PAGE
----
Our adult Sunday School Class, “Curiosity and Questions: Jesus and Science,” has continued to meet the past month as we’ve started “sheltering in place” as a city and a state. We’re meeting over a videoconference at our “regular time” on Sunday mornings between our church’s virtual worship services. We’re using both a private Facebook group and Google Classroom to share resources and updates. Our church’s recent move to “Realm Software” as a church-wide information system has empowered individual teachers (like me) to directly email and contact our group members. I don’t think our church small group connections should end with Wednesday nights and Sunday mornings, however.

In addition to considering JOINING a virtual small group, I want to encourage you to consider STARTING one. Start a book club. You might do this by:

  1. Choosing a new book you want to read, or a book you love and want to share with others.
  2. Creating a Private Facebook Group, which you can moderate and control (both members and posts)
  3. Deciding on a weekly meeting time for your virtual book club.
  4. Creating a free account with Zoom, and creating a repeating meeting / videoconference at your desired time.
  5. Creating a REPEATING EVENT in your Facebook group, including the Zoom conference JOIN instructions.
  6. Inviting your friends and acquaintances to join your small group / book study.

As we each grow more comfortable and proficient at meeting over videoconferences, the number of available small groups will grow. Your group does not have to have a large number of members to be “successful” and beneficial, to both you and other members. Small groups should be all about connecting, relationships, interacting, as well as learning.

Step out and create your own small group, for a book study or other purpose. The ideas you discuss together with your small group members and the connections you make in upcoming weeks can be IMPORTANT pieces of the wellness / self-care plan we each need to not only survive but also THRIVE in this COVID-19 pandemic season.

3. Utilize Daily Devotion and Bible Reading Apps

We all can benefit from daily “quiet time” to pray, read scripture, meditate, and seek the voice of God. I have been using the free “Pray as You Go” app and website for the last couple years, and highly recommend it. Pray As You Go is a project of the Jesuits of Britain, Each day they post a 15 to 20 minute meditation which focuses on a different Bible verse or series of verses, which are repeated twice during each devotional.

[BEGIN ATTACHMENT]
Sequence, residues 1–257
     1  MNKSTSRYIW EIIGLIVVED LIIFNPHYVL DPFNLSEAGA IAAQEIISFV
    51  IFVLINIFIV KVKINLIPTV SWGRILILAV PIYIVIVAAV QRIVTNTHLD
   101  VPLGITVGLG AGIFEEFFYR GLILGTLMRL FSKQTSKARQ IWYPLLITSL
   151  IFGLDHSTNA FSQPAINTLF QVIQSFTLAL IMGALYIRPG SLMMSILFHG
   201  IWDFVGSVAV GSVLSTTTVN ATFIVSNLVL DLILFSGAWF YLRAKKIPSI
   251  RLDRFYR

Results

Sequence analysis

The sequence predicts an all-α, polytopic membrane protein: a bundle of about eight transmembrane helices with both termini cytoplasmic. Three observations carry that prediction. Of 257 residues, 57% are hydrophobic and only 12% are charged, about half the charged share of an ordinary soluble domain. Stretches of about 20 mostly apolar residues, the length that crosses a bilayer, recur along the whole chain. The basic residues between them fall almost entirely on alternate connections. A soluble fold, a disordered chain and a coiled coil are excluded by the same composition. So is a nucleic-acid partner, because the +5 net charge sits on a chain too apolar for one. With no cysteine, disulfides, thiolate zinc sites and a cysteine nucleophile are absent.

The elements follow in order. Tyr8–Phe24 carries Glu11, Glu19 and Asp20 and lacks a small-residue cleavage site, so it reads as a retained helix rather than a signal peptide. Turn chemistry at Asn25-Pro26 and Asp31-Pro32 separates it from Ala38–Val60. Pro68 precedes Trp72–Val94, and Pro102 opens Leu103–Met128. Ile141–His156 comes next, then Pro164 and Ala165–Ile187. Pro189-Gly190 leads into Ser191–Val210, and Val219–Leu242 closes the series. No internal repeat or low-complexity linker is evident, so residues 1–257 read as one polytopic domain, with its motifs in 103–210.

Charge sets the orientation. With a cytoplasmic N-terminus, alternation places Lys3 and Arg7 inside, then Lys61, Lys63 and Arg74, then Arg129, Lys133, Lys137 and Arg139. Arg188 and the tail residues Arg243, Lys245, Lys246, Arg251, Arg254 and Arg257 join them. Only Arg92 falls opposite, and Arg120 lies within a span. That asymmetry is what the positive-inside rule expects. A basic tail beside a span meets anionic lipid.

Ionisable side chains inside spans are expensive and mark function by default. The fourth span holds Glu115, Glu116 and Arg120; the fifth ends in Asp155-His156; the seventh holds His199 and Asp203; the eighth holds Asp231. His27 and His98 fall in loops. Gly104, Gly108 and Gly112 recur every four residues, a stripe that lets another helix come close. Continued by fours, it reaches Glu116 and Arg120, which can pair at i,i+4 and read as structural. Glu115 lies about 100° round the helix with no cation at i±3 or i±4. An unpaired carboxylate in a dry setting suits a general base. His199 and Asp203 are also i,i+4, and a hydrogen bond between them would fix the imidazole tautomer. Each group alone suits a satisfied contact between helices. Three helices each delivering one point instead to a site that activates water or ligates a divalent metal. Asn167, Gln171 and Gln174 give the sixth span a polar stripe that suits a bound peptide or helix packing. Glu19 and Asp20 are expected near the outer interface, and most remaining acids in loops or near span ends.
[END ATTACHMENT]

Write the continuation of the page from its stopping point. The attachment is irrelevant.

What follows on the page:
Use a Bible reading app like the YouVersion Bible, which includes a variety of Bible Study reading plans, the ability to connect to others for prayer and encouragement, and videos from amazing Christian theology and evangelist media creators like The Bible Project. The verse of the day feature, the ability to highlight and share scripture verses, and even create Bible Verse InfoPics right within the app are fantastic and powerful ways to focus our minds above “on the things of God” when so many current events “down below on earth” seem chaotic and troubling.

4. Keep a Daily Written Journal

Journaling about your life, your day, your fears, your hopes, your dreams and other aspects of your thought life can be an extremely healthy and healing activity at any season of life. Particularly as we find ourselves in the midst of a global pandemic, something no one alive today has previously experienced, journaling can be a constructive and beneficial activity. When I was in college and after college graduation, I was an avid journal writer. Then sometime around 2003, I discovered blogging. “Writing in public” on a blog or via a social media platform can be beneficial in similar ways to keeping a private journal, but there are more complexities to digital, shared, interactive writing. When deciding whether or not you’ll keep a journal during COVID-19, remember the benefits of your writing times may not be limited to you. Your grandchildren and other descendants may read what you write this week! We are literally living through history, so why not document your journey in detail for your benefit and the potential future benefit of others?

5. Engage in Oral History Projects with Family Members

There’s no time like the present to start a family oral history project. A few weeks ago, I shared a one hour free webinar on “Family Oral History Projects” which was recorded and is now available on YouTube along with several others.